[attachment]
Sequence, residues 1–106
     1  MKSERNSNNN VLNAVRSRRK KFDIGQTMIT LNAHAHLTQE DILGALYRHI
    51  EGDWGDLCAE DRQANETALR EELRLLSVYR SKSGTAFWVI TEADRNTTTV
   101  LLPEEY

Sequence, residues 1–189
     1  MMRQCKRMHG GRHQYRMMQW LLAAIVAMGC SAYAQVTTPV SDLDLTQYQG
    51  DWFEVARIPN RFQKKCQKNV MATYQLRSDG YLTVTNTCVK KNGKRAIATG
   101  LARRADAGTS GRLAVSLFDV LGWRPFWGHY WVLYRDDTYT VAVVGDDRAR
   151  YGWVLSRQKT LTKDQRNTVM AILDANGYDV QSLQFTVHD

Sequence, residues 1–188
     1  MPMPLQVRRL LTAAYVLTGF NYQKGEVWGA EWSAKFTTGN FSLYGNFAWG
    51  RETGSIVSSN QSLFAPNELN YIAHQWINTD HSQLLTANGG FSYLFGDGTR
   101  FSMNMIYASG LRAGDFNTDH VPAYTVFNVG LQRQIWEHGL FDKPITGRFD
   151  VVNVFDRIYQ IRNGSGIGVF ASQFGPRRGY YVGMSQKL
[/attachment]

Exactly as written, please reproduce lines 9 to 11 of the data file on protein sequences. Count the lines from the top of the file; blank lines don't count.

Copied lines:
   151  YGWVLSRQKT LTKDQRNTVM AILDANGYDV QSLQFTVHD

Sequence, residues 1–188
     1  MPMPLQVRRL LTAAYVLTGF NYQKGEVWGA EWSAKFTTGN FSLYGNFAWG